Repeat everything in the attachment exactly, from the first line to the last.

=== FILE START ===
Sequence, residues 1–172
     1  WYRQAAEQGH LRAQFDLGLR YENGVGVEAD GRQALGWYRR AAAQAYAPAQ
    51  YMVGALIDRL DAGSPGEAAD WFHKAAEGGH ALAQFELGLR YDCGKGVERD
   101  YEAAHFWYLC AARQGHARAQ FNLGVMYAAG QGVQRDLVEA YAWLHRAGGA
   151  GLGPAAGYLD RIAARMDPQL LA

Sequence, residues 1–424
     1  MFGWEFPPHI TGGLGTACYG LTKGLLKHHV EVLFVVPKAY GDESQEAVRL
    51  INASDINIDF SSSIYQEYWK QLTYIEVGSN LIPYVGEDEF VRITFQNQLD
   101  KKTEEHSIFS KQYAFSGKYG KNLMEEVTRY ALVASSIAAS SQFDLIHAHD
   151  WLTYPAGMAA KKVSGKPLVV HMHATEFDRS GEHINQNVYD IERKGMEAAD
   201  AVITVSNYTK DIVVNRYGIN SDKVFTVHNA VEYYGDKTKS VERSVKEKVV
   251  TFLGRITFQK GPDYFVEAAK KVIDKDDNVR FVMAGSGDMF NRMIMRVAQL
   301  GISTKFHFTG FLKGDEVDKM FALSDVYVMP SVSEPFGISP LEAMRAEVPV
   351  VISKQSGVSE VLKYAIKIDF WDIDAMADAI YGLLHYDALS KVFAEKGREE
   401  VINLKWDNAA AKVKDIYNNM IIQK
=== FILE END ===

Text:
Sequence, residues 1–172
     1  WYRQAAEQGH LRAQFDLGLR YENGVGVEAD GRQALGWYRR AAAQAYAPAQ
    51  YMVGALIDRL DAGSPGEAAD WFHKAAEGGH ALAQFELGLR YDCGKGVERD
   101  YEAAHFWYLC AARQGHARAQ FNLGVMYAAG QGVQRDLVEA YAWLHRAGGA
   151  GLGPAAGYLD RIAARMDPQL LA

Sequence, residues 1–424
     1  MFGWEFPPHI TGGLGTACYG LTKGLLKHHV EVLFVVPKAY GDESQEAVRL
    51  INASDINIDF SSSIYQEYWK QLTYIEVGSN LIPYVGEDEF VRITFQNQLD
   101  KKTEEHSIFS KQYAFSGKYG KNLMEEVTRY ALVASSIAAS SQFDLIHAHD
   151  WLTYPAGMAA KKVSGKPLVV HMHATEFDRS GEHINQNVYD IERKGMEAAD
   201  AVITVSNYTK DIVVNRYGIN SDKVFTVHNA VEYYGDKTKS VERSVKEKVV
   251  TFLGRITFQK GPDYFVEAAK KVIDKDDNVR FVMAGSGDMF NRMIMRVAQL
   301  GISTKFHFTG FLKGDEVDKM FALSDVYVMP SVSEPFGISP LEAMRAEVPV
   351  VISKQSGVSE VLKYAIKIDF WDIDAMADAI YGLLHYDALS KVFAEKGREE
   401  VINLKWDNAA AKVKDIYNNM IIQK